Auto Accessories Tips

When it comes to Auto Accessories, we've been there, done that, now serving 162 tips in 18 categories ranging from Air Filters to Winches.

what safety precautions should i take when using an after market tail light

The Right Tail Light and Tail Light Guard

Safety should be the number one priority on the road. Being able to see other drivers' tail lights on the road is crucial. Even though there are numerous styles of tail lights and tail light guards, having the right application for your vehicle is very important.

Some tail light guards should be removed after dark, so the other motorists can see your tail lights clearly. Of course, most manufacturers will tell you that their tail light guards exceed safety regulations, but anything that blocks the tail lights ability to illuminate can be a hazard.

   
how do i keep my tail lights looking good

Keeping Your Tail Lights and Tail Light Guards Looking Great

One of the worst things you can do is spend a lot of money on a vehicle and Euro or black tail light guards, and leave them unprotected. You wash, then wax your vehicle, you vacuum, then clean your interior. But, then you leave the tail lights and head lights to fade or become dull.

The best way to protect your tail lights or tail light guards is to put a coat of wax on them every time you wax your vehicle. You should wax your vehicle at least once a month. This will help with scratching, fading and will keep the elements from destroying the tail light or tail light guards' finish.

Never use a dish washing soap or detergent of any kind on your vehicle or the tail lights or guards.

   
what is the best way to protect my hood from road debris

Protection For Your Vehicle

Bugs, rocks, snow, ice and anything the road can throw at you can be deflected by bug shields or hood shields. By installing a bug shield or hood shield you can cut the chances of bugs and road debris doing damage to your windshield and hood by up to 75 percent. Bug shields are inexpensive as well as quick and easy to install. Consult your car's manufacturer for the best bug shield make and model fit. If you need help with installation, talk to your mechanic or deal.

   
what is the easiest way to install a trailer hitch

Installing Your New Trailer Hitch

Even though about 95% of all trailer hitches are made to fit your car, truck, van, or SUV without any modifying or drilling, the older trucks and vehicles may need some drilling and or modifications. When it's time to install your new trailer hitch, no matter what class hitch you are installing, always remember to use the hardware (nuts, bolts, washers, shims, etc) provided by the hitch manufacturer. This is vital to the hitches strength and proper use on your vehicle.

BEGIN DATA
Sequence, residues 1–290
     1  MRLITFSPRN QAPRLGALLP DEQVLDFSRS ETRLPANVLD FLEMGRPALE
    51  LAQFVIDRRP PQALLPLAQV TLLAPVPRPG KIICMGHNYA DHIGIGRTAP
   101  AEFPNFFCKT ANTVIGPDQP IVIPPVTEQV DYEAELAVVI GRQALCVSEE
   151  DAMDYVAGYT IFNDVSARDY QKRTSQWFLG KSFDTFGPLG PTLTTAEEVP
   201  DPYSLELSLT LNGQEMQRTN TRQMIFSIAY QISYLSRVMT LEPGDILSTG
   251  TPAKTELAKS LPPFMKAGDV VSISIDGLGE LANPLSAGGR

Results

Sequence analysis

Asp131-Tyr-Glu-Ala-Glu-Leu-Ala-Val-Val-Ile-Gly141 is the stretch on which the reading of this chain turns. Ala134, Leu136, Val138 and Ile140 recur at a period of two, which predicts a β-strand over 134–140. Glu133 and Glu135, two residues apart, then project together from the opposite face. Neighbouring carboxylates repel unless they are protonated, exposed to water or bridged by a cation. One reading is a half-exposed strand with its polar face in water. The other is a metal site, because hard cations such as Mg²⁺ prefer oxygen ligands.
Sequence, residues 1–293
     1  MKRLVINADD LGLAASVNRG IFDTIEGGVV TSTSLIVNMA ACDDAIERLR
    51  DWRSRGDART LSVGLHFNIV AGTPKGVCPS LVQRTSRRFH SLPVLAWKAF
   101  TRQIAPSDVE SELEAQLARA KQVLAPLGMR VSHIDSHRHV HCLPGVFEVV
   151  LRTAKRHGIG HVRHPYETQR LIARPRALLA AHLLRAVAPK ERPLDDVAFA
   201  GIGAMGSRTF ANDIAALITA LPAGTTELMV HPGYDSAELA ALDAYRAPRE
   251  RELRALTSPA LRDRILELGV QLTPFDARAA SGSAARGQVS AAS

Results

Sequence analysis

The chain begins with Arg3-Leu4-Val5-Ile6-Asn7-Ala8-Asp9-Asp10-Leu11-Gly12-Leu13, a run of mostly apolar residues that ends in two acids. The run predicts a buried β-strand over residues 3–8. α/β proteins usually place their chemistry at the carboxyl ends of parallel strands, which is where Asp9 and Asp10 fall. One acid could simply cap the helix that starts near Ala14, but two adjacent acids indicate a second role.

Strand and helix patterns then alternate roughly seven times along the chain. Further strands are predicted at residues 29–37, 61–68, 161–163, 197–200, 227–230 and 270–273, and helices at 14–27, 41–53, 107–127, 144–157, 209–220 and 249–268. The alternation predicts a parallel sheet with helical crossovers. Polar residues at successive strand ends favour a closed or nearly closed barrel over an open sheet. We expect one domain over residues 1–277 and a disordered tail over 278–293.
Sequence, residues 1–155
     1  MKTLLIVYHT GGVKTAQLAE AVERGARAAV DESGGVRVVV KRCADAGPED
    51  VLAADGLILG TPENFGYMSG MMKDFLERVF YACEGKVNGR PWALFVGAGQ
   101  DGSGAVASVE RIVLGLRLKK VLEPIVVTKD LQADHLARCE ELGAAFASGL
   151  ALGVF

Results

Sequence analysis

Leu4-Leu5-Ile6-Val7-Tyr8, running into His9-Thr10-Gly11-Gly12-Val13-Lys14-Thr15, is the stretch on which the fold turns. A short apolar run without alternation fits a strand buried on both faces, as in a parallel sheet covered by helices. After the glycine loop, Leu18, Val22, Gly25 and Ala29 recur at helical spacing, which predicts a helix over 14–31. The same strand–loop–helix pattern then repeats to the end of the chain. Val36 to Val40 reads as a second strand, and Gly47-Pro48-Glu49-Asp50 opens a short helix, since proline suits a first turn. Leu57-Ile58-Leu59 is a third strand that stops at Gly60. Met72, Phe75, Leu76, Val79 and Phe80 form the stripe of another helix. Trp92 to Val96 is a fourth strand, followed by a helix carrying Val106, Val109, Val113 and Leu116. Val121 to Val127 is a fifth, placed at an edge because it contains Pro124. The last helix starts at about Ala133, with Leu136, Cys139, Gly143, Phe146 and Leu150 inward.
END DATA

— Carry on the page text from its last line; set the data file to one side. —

The hitch manufacturer will list the tools needed in the instructions. The best way to start the install is to get the hitch into place. The holes for bolt placement closest to the rear of the truck are usually the best place to start. Work from side to side per hole -- do not bolt up all bolts on one side first, then move to the other side. Only finger tighten until all bolts, washers, nuts, shims, etc., are in place. Center the hitch and tighten the bolts from side to side. While this is a very basic guide to installing your hitch, always follow the manufacturer's instructions to ensure the hitch is installed safely and properly.

   
what class of hitch will my vehicle need

Hitch Class

Hitches come in five classes. The class of each hitch is rated for a specific trailer weight range. Always make sure the weight rating of the hitch is greater than the loaded weight of the trailer that will be towed.

  • Class I : These are hitches that have a tow rating of up to 2,000 lbs. and a maximum tongue weight of 200 lbs. Normally equipped with a 1 1/4 inch receiver tube, these hitches usually are attached to the vehicles frame, or bumper.
  • Class II: These hitches have a 3,500 lb trailer weight and a 300 lb tongue weight. They are equipped with a 1 1/4 inch receiver tube and mounted to the bumper or frame, depending on the vehicle.
  • Class III: This hitch is a bit different, with a rating of up to 6,000 lbs and 10,000 lbs with weight distribution and a tongue weight of 600 lbs/1,000 lbs. (Though not all class III hitches are not rated to be both, always consult the hitch specifications.) This hitch will have a 2 inch receiver tube and can only be mounted to the frame.
  • Class IV: This hitch has a 10,000 lb trailer rating, and a tongue weight of 1,000 lbs. This hitch also comes with a 2 inch receiver tube.
  • Class V: This hitch has a rating of 12,000 lbs -17,000 lbs trailer weight and 1,200 lbs -1,700 lbs. This hitch will be equipped with a 2 1/2 inch receiver tube and attaches to the frame only.

   
what are some precautions i should take before towing

Safety When Towing

Some trucks and SUVs have hitches installed from the factory. Other may come with towing packages without the hitch. Vehicles over 1,500 pounds may require trailer brakes. When getting ready to tow anything, remember that safety comes first. Hitch capabilities, such as the tow load, draw bar length, height, and the proper wiring all contribute to the safety factors of the hitch. Vehicles that come "unhitched" or lose from any vehicle in tow have the ability to cause injury, death and damage. Rule of thumb when towing: you can never be to careful. Having the right equipment is a must in any situation, and towing is no exception.

   
Not finding the advice and tips you need on this Auto Accessories Tip Site? Request a Tip Now!


Guru Spotlight
Sheri Ann Richerson